Dennis: And so as we apply this to marriage and families, I just want to summarize here and encourage husbands and wives to not lose heart in praying.  Prayer, as you've said, is an opportunity to engage God around what is happening in His plan, in His kingdom, as He is at work.  And we can either be a part of that through prayer, or we can be observers.  And, personally, I've played basketball, and I've also been in the stands watching basketball, and I would much prefer, if I had the body again, to play basketball and be on the court engaging in the game.  And I think when God commands us to pray, He knows our weakness.  He knows we're going to run into dead-end streets where we don't get the answer we thought or that we deserved or that we wanted, and we are left to look through the eyes of faith in Scripture and to the character of God saying, you know what?  Did God stop being good?  The answer is "no."  Is God still in charge?  The answer is "yes."

 Now, I may not feel like it, the circumstances may not look like it, but the reality is He is God; we're not, and we've got to trust Him.

Bob: And, ultimately, I think, if our prayers are going to be different then our thinking has to be different.  We have to have our thinking about prayer shaped by what God's Word has to say to us about that discipline of prayer and how God wants to use it in our lives, and, Bryan, I think you've done us all a service in that regard with the book you've written called "Praying Backwards."  Again, the subtitle of the book is "Transforming Your Prayer Life by Beginning Your Prayers 'In Jesus' Name.'" 

We've got copies of the book in our FamilyLife Resource Center along with a book that you and Barbara wrote, Dennis, for couples on praying together called "Two Hearts Praying as One," and other resources that are available on the subject of prayer.  Let me encourage you to go to our website, FamilyLife.com, click the "Go" button at the bottom of the screen, and that will take you to a page where there is more information about all of the resources that are available from us here at FamilyLife about prayer including Bryan Chapell's book and the book I mentioned by Dennis and Barbara.  And if you order both of those books together this week, we will send you at no additional cost the CD of our conversation with Bryan Chapell.

Again, go to our website, FamilyLife.com, click the "Go" button at the bottom of the screen.  That will take you right to a page where you can get more information about these resources or order online, if you'd like.  Or if it's simpler, just call us at 1-800-FLTODAY – 1-800-F-as-in-family, L-as-in-life, and then the word TODAY and mention that you'd like the resources you heard us talking about on prayer, and someone can help get your order all set up and get these resources out to you.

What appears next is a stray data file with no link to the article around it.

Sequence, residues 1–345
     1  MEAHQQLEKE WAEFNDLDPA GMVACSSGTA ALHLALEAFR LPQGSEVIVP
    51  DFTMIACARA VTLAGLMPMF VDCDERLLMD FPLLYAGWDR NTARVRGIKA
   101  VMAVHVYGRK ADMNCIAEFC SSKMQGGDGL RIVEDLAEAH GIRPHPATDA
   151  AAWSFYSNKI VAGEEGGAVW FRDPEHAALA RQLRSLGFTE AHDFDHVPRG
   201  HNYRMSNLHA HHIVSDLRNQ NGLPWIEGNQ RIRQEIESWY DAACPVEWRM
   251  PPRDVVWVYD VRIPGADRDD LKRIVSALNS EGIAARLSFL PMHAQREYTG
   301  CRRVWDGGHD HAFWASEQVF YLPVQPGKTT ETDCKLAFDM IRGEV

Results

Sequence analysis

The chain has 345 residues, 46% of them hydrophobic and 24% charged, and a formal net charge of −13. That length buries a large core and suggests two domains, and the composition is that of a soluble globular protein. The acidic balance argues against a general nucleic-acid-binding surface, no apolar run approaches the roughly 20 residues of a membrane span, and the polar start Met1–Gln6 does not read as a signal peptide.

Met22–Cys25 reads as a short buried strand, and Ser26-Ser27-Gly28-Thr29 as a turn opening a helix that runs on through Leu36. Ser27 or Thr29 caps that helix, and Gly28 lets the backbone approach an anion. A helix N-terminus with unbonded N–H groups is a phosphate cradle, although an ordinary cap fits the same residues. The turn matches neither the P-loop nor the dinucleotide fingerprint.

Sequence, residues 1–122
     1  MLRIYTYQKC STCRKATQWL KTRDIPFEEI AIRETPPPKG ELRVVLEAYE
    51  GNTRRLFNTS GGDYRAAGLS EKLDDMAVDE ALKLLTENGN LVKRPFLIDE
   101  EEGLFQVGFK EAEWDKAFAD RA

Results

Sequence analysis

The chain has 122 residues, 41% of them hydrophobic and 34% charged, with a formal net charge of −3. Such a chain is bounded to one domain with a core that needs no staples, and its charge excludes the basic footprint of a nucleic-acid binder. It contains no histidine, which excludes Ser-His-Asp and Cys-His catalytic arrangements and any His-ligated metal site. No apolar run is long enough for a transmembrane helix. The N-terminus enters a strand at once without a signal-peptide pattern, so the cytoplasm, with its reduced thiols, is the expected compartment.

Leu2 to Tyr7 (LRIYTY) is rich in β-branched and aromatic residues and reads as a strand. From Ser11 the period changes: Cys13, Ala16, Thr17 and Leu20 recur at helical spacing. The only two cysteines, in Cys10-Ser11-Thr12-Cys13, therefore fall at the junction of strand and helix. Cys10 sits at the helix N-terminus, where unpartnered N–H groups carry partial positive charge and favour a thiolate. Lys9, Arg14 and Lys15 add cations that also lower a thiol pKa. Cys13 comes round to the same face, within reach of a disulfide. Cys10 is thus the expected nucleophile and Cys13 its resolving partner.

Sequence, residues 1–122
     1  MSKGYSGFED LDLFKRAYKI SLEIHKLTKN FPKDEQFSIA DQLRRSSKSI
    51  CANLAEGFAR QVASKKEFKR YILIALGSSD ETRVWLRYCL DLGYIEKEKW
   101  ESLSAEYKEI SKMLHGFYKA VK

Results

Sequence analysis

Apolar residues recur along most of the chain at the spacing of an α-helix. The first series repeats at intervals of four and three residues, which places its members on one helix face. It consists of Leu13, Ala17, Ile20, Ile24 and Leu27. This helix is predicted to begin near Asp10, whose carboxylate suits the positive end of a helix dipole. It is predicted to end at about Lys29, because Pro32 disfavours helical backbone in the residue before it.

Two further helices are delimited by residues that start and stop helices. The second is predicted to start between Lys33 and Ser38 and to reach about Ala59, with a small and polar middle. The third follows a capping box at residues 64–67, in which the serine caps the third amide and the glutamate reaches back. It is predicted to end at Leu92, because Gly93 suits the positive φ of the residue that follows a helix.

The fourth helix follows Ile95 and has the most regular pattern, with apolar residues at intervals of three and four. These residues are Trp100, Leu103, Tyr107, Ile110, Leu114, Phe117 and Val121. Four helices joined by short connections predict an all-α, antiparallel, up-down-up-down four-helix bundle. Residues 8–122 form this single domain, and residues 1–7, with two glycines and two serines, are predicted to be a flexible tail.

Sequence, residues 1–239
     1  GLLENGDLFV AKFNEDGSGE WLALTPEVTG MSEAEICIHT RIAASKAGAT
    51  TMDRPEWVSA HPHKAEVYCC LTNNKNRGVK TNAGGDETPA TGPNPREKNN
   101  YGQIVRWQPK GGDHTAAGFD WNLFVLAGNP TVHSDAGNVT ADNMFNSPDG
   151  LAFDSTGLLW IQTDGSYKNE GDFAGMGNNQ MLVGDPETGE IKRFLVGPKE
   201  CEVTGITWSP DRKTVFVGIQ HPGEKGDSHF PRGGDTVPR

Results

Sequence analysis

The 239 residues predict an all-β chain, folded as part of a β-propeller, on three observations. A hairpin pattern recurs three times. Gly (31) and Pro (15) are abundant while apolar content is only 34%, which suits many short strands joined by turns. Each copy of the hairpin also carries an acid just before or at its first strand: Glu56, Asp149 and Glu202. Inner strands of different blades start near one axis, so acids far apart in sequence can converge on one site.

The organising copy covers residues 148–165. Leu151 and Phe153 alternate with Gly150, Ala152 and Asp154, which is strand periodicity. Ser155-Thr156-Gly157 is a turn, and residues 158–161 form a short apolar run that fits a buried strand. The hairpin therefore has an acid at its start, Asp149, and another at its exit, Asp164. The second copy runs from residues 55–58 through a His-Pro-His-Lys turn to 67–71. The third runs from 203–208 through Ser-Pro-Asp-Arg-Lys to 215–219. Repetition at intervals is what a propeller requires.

Just a few days ago, we had a chance to feature on FamilyLife Today some of the programs that our listeners told us were some of their favorites during the year 2005, and one of the programs we featured was from a series that we did with Emerson Eggerich.  He wrote the book, "Love and Respect," and our week-long conversation with him on that subject really resonated with our listeners.

During the month of January, for those listeners who can help support the ministry of FamilyLife Today with a donation of any amount, we would like to send you, as a thank-you gift, the two-CD set that features our week-long series of programs with Emerson Eggerich on the subject of his book, "Love and Respect," and I've talked to some couples who have said this material is something that God used to unlock some things in their marriage.

You can make a donation online at FamilyLife.com.  If you do that, when you get to the keycode box, we need you to enter a word, and you can take your pick – either "Love" or "Respect," enter either one, just so that we know that you'd like a copy of the CDs featuring Dr. Eggerich.  Or you can call 1-800-FLTODAY to make a donation and, when you do, mention that you'd like the CDs, and we'll get those sent out to you as well.  And thanks, again, for your financial support of this ministry.  We appreciate you standing with us and partnering with us in the work of FamilyLife Today.

Well, tomorrow we're going to talk about something very difficult, something very courageous, something very bold that a husband can invite his wife to do, and that is to join him in prayer.  We'll talk more about that tomorrow.  I hope you can be back with us for that.

I want to thank our engineer today, Keith Lynch, and our entire broadcast production team.  On behalf of our host, Dennis Rainey, I'm Bob Lepine.  We'll see you next time for another edition of FamilyLife Today.

FamilyLife Today is a production of FamilyLife of Little Rock, Arkansas, a ministry of Campus Crusade for Christ.